I Wanna Hold Your Hand (1978)

RATES: christmas+holiday+shain+sky+star+tree+icon-1320185851991915307_48christmas+holiday+shain+sky+star+tree+icon-1320185851991915307_48christmas+holiday+shain+sky+star+tree+icon-1320185851991915307_48christmas+holiday+shain+sky+star+tree+icon-1320185851991915307_48

Why Did I Watch It? The Blank Check podcast are doing Robert Zemeckis.

Cast, crew, etc.


On February 9, 1964, The Beatles appeared on the Ed Sullivan Show for the first time, and popular culture would never be the same. Caught up in the mayhem: a handful of regular kids from Jersey, who will stop at nothing to get into the band’s first live appearance. Over the course of a long day and night they scheme, they hustle, they run around like maniacs, they learn a few small things about themselves.

There has never been anything like ‘Beatlemania’. They were the original overnight sensations; four handsome young lads from Liverpool, who went from playing a rock club in front of a few hundred locals, to global sensations, in an instant. Their rise marked the beginning of modern celebrity. They didn’t just have catchy pop songs, but a package; their look, their clothes and hair, their droll humour, their sex appeal. It was fresh and different, and they were backed by a burgeoning hype industry (also a new and evolving idea) to whip their young fans into a frenzy. There have been other cultural sensations, but they were the first, and their imprint casts a long shadow.

Director Robert Zemeckis was 12 when the Beatles played Ed Sullivan, and you imagine it must have made a huge impression. His debut feature, focusing on a group of slightly older kids, plays as a kind of fantasy: this is probably what he day dreamed about doing, if he could. Zemeckis’ early films are energetic, and the manic pace he favours suits this story well. This is a movie about people losing their minds; scores of screaming, fainting teenagers, doing whatever they can to get a glimpse of their icons.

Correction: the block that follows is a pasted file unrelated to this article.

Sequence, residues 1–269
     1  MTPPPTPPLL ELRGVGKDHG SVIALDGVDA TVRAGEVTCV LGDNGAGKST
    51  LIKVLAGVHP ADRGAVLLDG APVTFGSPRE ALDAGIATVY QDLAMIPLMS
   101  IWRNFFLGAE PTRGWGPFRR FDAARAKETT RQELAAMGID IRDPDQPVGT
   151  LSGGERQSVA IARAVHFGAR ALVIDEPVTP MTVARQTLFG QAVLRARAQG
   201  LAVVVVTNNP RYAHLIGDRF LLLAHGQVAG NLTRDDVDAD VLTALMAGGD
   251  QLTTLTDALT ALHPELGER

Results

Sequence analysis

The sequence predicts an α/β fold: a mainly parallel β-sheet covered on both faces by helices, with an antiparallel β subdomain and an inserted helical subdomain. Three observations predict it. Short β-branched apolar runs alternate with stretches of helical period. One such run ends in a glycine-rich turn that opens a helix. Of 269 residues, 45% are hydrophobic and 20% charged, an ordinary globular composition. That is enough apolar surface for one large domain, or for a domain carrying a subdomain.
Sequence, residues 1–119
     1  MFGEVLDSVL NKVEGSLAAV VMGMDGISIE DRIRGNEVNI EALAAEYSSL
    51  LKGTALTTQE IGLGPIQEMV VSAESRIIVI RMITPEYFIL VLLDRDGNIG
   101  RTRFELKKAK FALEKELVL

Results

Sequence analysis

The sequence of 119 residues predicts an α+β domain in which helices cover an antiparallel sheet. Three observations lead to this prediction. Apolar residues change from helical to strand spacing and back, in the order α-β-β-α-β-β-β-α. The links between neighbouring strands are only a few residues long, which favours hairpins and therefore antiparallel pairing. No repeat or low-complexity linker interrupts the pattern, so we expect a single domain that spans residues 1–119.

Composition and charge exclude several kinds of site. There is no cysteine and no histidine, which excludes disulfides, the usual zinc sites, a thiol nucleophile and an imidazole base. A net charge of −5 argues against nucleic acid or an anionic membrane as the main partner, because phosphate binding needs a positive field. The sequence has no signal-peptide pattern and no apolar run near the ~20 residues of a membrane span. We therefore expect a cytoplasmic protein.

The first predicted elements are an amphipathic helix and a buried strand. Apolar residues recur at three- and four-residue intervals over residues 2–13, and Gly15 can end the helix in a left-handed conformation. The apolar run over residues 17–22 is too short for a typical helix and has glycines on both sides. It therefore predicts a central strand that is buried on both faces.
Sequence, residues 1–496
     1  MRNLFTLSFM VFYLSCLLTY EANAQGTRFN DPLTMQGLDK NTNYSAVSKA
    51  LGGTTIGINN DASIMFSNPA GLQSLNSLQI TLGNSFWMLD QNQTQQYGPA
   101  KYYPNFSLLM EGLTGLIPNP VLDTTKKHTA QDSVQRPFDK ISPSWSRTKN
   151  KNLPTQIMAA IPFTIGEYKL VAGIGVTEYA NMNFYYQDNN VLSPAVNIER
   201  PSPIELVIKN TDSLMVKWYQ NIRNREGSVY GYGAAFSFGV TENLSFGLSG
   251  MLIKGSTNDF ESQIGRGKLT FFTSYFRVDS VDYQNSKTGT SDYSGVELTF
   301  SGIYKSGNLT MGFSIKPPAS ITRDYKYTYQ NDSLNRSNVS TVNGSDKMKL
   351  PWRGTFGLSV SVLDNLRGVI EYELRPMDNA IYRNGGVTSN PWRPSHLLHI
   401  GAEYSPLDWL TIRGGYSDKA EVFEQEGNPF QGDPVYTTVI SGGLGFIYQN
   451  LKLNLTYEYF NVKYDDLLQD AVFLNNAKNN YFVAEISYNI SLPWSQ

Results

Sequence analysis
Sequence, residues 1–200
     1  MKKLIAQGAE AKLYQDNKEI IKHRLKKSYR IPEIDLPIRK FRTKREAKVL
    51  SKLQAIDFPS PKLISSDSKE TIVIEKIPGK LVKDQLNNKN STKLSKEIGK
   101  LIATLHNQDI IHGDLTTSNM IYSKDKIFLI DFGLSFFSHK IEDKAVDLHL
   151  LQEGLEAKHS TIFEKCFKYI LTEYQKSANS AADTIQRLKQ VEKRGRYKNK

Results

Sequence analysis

The film also plays a bit like a proto ‘Back to the Future’, and features a number of indicators pointing to that project. It opens with a title card showing the date and precise time, just as BttF would, and the final climax revolves around a lightning storm and a tower. As a storyteller, Zemeckis was enamoured with the America of his youth, and a number of his early films pay homage to the post World War II boom. ‘Who Framed Roger Rabbit’ is set in 1940s LA, BttF takes place in the mainstreet USA of the 1950s, and this film gives us the pre-summer of love innocence of the early 60s. These movies are all affectionate homages to earlier times, that manage to avoid hagiography; a knack Zemeckis would lose with the saccharine sentimentality of ‘Forest Gump’.

His young cast perfectly capture the spirit of the moment. The best known of them is Nancy Allen (later to play Robocop’s partner) as the WASPy Pam, but the real standouts are Wendy Jo Sperber and Eddie Deezen, as a perfect pair of hyperactive superfans. I also enjoyed Susan Kendall Newman, Paul Newman’s daughter, in one of her few film roles (she also did some theatre, before giving up acting) as Janis, an activist teen who thinks the Beatles are damaging local culture. But the whole ensemble is excellent, and play off each other perfectly. It was a surprise to see that most of them did not kick on to larger careers.

Fast paced and lively, the action is backed by a wall-to-wall soundtrack of early Beatles hits, and topped by a perfect happy ending. Everyone got what they wanted! Seems entirely fitting for this era, and this movie. Irresistible.

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